If you find yourself needing to replace your above ground swimming pool liner, either because of tears or excessive staining, you don’t need to hire a professional.
As long as you have a little time on your hands, you can save yourself some serious money by doing it yourself.
Hiring a professional can cost well over $1,000 on top of the cost of the liner!
And since we are all about getting stuff done ourselves and saving money around here, I’m gonna show you how it’s done!
What is a pool liner?
A pool liner can be made out of materials other than vinyl, such as fiberglass, but those are usually constructed for inground commercial pools that get a lot of heavy use.
Most pools, especially above ground pools, have vinyl liners.
And the pool liner is there to retain the water in the pool and look nice at the same time.
That’s really it.
They also provide a waterproof barrier between roughly constructed pool materials and the water.
Imagine an above ground pool constructed with metal rods and panels. Not only is it not a smooth surface on the inside, it’s also not watertight.
Pros & cons of replacing your own liner
But before you decide to tackle the project, you probably want to make the most informed decision possible, right?
So, here are the pros and cons of making it a DIY project:
- Pros: saves money, satisfaction of a job well-done
- Cons: risk of messing it up, takes time and patience
When to replace your old liner
The usual lifespan of a vinyl pool liner is about 6-10 years, but there are things that can happen even before that to make replacing it a necessity.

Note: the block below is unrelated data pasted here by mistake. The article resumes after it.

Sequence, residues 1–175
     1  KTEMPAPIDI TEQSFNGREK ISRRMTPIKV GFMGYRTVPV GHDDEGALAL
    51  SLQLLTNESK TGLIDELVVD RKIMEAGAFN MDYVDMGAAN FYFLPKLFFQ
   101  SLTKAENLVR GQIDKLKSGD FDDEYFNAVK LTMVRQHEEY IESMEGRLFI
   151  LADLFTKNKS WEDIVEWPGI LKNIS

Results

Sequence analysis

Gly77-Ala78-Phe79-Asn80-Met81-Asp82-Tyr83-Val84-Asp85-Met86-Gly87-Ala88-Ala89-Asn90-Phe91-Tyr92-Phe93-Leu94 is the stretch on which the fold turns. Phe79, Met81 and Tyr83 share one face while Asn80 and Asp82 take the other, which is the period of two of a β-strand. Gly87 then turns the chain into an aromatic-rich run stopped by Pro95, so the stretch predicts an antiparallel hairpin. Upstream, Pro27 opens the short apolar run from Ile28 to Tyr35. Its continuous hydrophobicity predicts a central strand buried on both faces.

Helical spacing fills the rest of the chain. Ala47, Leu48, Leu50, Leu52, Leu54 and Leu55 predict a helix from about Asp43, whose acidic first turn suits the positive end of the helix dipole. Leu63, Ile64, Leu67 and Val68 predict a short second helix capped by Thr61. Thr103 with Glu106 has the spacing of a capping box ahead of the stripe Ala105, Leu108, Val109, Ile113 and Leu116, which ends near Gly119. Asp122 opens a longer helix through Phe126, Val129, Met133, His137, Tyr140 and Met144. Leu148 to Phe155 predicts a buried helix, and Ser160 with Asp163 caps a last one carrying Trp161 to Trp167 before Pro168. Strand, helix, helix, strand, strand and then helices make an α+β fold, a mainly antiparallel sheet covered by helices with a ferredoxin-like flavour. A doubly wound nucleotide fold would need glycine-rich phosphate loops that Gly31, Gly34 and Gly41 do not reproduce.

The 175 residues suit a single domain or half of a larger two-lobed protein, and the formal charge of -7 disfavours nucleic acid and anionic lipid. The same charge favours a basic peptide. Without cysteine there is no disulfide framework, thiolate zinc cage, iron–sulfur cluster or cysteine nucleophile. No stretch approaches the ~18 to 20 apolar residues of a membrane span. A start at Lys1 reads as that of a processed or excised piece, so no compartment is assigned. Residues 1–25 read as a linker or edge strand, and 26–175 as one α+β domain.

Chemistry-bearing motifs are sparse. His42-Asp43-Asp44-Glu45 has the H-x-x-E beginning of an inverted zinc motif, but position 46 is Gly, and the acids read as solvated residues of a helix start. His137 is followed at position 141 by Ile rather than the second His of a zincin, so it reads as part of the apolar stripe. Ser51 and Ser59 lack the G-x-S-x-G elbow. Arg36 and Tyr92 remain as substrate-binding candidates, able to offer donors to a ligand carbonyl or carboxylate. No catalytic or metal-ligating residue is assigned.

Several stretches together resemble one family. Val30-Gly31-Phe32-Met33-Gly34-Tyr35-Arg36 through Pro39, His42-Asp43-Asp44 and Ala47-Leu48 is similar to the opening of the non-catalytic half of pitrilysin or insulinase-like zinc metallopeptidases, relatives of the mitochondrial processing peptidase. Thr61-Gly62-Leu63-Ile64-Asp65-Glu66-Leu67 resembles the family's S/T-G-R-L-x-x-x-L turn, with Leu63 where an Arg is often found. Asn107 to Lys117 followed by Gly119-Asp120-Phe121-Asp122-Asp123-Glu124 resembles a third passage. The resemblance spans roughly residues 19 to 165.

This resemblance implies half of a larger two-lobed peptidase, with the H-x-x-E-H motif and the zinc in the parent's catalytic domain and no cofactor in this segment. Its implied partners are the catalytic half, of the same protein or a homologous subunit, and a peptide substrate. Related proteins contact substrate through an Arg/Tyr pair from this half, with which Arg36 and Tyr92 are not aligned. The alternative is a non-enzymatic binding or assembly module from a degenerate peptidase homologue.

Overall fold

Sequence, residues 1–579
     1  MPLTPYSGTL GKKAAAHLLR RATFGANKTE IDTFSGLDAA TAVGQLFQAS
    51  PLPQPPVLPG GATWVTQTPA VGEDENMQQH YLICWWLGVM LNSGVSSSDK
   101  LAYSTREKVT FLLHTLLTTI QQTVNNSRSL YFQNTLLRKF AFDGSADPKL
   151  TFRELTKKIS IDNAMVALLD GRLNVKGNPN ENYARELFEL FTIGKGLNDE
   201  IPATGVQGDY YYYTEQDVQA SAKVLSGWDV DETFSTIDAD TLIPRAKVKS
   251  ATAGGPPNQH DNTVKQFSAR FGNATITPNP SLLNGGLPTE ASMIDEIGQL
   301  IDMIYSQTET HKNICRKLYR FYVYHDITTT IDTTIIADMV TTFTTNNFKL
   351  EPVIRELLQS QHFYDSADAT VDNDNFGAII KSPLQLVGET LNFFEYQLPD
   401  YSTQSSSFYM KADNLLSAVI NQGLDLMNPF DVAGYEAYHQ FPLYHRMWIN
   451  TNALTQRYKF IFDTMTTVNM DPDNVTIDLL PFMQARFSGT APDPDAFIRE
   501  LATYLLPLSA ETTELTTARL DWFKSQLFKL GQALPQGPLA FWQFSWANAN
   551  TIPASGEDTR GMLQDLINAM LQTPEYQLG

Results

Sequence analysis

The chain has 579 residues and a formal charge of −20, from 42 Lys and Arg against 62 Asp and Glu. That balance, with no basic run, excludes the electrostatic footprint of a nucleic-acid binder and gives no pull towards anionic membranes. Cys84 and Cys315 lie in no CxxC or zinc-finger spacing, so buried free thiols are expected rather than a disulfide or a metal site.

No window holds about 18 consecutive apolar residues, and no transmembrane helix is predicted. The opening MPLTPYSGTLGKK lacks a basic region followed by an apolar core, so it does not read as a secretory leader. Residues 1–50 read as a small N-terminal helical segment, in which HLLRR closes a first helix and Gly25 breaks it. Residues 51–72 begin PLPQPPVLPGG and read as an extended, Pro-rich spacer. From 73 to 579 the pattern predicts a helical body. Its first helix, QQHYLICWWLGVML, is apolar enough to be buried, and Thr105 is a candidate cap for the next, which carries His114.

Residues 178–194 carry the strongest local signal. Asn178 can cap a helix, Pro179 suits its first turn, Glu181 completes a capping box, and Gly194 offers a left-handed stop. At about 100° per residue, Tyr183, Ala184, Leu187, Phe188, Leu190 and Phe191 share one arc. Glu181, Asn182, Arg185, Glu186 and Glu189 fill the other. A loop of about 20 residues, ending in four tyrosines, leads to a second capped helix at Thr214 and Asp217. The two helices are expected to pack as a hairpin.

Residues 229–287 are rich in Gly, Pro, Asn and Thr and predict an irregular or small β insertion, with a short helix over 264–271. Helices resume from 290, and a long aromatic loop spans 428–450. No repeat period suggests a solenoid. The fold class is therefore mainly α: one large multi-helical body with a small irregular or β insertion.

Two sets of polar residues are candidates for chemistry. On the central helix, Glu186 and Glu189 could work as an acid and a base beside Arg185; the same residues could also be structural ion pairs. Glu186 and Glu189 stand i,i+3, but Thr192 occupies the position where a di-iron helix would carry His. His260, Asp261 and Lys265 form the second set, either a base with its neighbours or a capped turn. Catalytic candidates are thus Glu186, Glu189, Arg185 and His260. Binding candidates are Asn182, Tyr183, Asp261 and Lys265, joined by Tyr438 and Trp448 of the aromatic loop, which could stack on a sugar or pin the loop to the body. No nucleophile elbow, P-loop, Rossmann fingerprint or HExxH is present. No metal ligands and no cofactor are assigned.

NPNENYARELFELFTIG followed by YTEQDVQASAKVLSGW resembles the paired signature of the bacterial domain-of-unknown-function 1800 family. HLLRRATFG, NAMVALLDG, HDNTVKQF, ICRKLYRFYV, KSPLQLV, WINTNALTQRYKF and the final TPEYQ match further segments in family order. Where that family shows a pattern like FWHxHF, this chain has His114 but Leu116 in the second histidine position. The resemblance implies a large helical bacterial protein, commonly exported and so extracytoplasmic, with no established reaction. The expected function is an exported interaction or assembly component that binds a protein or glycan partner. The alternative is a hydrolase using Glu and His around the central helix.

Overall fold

Here are things to look for:
Over time, vinyl liners start to wear out from contact with UV rays and harsh chemicals. They’ll eventually start to crack and tear, and sometimes you can’t tell just by looking.
If your pool seems to be losing water faster than normal, you may need to closely inspect the liner. If it appears to be cracking in several places (usually around fittings and edges), then it’s probably time for a new one.
If your liner is slipping out of its track frequently, it may be stretching.
You might also notice some sagging and wrinkling when this happens, and the fittings might appear to be loose around the pump and skimmers.
When your liner starts to fade significantly, it’s also a sign that it’s nearing the end of its useful life: the vinyl will soon start to deteriorate, tear and stretch.
It can also be stained from algae, which doesn’t always mean it needs to be replaced. But most people like to replace them when they become eyesores.
Types of above ground liners
There are three basic types of above ground pool liners—overlap, unibead and beaded—and the differences between them is just how they’re installed.
- Overlap liners. Overlap pool liners are usually the cheapest and easiest liner installation. They’re draped over the top of your swimming pool and clamped in place with strips called coping.
- Beaded liners. Beaded pool liners have a groove that is attached to a track around the edge of the pool. They create a very uniform and smooth look.
- Unibead liners. Also called universal bead liners or J-hook liners, these are probably the option because they’re easy to install, come in plain and tile patterns and create a very seamless look. They have a sort of J-shaped piece at the top that just hooks over the top of the pool.
How much do pool liners cost?
Pool liners can range anywhere from $100-900, and if you install it yourself, that should be your total cost other than supplies you might need to get the job done.
The overlap liners are the least expensive, but there isn’t a lot of cost difference between the other types. The price is usually based primarily on the size.
How to measure for your new liner
How you measure your pool for a new liner will depend on the shape you have.
And don’t take your manufacturer’s word for it: the measurements could be slightly off due to installation or just the way they labeled it.